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Courts and Crime

Judge's Decision That Trump Can't Block Critics On Twitter May Inform Suit Against LePage

Robert F. Bukaty
AP Photo
Gov. Paul LePage 2018

The ACLU of Maine says the outcome of a federal free speech case against President Trump bodes well for a similar lawsuit the organization filed against Governor Paul LePage.

ACLU of Maine Legal Director, Zachary Heiden says in both cases, the defendants were stifling comments and participation on a public social media site.

"This is not about Governor LePage's or President Trump's personal accounts, but rather social media accounts that they use for conducting government business," says Heiden.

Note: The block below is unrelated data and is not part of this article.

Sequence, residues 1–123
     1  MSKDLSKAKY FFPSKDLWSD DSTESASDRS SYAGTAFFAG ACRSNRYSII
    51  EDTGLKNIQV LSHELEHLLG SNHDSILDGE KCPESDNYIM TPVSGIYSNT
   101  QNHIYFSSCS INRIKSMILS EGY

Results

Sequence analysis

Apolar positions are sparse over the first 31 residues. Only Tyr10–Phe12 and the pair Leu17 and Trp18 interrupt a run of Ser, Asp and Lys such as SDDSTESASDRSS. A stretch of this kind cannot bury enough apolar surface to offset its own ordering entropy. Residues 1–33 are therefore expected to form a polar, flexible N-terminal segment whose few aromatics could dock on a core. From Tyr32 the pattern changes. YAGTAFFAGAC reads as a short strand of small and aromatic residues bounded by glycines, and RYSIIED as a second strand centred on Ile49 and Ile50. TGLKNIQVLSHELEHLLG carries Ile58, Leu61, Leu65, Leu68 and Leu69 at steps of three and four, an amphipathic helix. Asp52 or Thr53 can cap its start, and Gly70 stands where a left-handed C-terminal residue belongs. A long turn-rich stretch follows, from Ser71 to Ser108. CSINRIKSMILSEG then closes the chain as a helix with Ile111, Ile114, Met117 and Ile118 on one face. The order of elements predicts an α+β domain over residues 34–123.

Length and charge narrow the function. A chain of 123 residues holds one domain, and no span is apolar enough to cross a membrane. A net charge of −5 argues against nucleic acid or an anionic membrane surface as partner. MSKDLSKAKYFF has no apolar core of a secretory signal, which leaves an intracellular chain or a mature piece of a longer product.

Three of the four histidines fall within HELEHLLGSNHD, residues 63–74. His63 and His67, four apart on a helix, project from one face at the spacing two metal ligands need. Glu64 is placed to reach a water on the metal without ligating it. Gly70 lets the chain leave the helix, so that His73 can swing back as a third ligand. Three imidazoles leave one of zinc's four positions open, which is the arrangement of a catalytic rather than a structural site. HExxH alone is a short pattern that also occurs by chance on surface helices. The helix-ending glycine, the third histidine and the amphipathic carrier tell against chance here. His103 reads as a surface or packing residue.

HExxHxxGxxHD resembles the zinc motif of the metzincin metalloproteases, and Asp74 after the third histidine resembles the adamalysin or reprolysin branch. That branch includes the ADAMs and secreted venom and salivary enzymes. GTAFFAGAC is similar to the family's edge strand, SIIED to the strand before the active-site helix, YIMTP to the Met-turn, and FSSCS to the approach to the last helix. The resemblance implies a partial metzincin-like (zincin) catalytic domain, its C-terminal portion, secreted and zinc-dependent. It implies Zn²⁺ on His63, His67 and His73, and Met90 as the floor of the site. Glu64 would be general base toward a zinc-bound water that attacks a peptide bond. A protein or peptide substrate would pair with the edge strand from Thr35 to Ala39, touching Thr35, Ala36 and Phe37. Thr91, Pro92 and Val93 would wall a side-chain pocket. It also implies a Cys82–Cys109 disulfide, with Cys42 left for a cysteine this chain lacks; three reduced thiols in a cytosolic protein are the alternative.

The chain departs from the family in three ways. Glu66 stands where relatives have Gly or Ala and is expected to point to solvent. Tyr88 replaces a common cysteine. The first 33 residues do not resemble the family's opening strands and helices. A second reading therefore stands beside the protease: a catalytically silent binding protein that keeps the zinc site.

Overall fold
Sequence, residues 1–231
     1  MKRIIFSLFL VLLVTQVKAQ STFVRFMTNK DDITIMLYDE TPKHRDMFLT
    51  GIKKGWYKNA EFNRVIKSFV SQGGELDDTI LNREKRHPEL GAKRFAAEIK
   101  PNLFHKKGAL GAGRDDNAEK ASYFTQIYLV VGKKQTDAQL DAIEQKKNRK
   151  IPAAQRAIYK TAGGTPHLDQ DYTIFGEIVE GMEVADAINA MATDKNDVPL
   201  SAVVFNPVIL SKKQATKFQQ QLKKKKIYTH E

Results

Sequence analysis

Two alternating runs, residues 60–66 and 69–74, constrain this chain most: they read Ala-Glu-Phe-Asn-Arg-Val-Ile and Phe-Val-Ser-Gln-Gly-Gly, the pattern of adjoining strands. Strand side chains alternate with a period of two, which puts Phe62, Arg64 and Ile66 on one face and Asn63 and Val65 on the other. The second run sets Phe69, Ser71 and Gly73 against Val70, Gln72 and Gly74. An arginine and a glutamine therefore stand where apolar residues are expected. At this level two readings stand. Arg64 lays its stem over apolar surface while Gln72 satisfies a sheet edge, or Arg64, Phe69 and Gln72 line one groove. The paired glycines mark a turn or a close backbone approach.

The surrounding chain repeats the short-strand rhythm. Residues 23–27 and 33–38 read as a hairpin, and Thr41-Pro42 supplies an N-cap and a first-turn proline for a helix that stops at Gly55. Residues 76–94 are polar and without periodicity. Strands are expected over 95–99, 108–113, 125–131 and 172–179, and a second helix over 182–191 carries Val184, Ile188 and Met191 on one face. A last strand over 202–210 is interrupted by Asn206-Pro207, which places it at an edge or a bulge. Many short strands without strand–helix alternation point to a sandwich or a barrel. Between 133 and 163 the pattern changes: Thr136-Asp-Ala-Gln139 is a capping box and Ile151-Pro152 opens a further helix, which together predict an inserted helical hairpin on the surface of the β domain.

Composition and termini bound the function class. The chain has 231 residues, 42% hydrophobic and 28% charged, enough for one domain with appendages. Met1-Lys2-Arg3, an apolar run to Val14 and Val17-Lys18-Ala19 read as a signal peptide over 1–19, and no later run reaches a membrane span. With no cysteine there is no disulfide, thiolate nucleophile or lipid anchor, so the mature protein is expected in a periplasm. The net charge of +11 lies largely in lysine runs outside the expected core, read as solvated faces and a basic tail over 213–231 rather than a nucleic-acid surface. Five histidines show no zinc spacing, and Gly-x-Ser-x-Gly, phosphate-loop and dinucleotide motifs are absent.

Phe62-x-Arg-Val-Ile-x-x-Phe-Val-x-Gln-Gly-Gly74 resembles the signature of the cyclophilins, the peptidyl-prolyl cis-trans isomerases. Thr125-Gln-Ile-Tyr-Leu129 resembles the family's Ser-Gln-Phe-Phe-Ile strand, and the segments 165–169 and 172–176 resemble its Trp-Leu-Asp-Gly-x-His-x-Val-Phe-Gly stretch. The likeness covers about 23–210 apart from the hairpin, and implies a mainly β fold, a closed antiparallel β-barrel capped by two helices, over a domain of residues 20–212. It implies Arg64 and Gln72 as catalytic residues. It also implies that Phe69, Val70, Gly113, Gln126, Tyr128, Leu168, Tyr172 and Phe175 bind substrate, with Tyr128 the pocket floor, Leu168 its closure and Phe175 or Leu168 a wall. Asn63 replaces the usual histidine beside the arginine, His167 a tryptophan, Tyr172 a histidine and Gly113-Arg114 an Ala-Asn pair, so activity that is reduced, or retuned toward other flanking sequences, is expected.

Wednesday, a judge in New York ruled that President Trump may not block people from viewing and responding to his official Twitter feed, and that doing so violates their First Amendment rights.

Last year, the ACLU of Maine filed suit on behalf of two women who allege that Governor Paul LePage deleted their comments and blocked them from his Facebook account.

"We think this ruling bodes well for our case, and we're hoping that the court will see the parallel between the way president Trump has treated people on Twitter and the way Governor LePage has treated people on Facebook," Heiden says.

LePage requested that the case be thrown out, saying that his "official page" is not meant to be a "government" page.

Federal judge John Woodcock has yet to rule.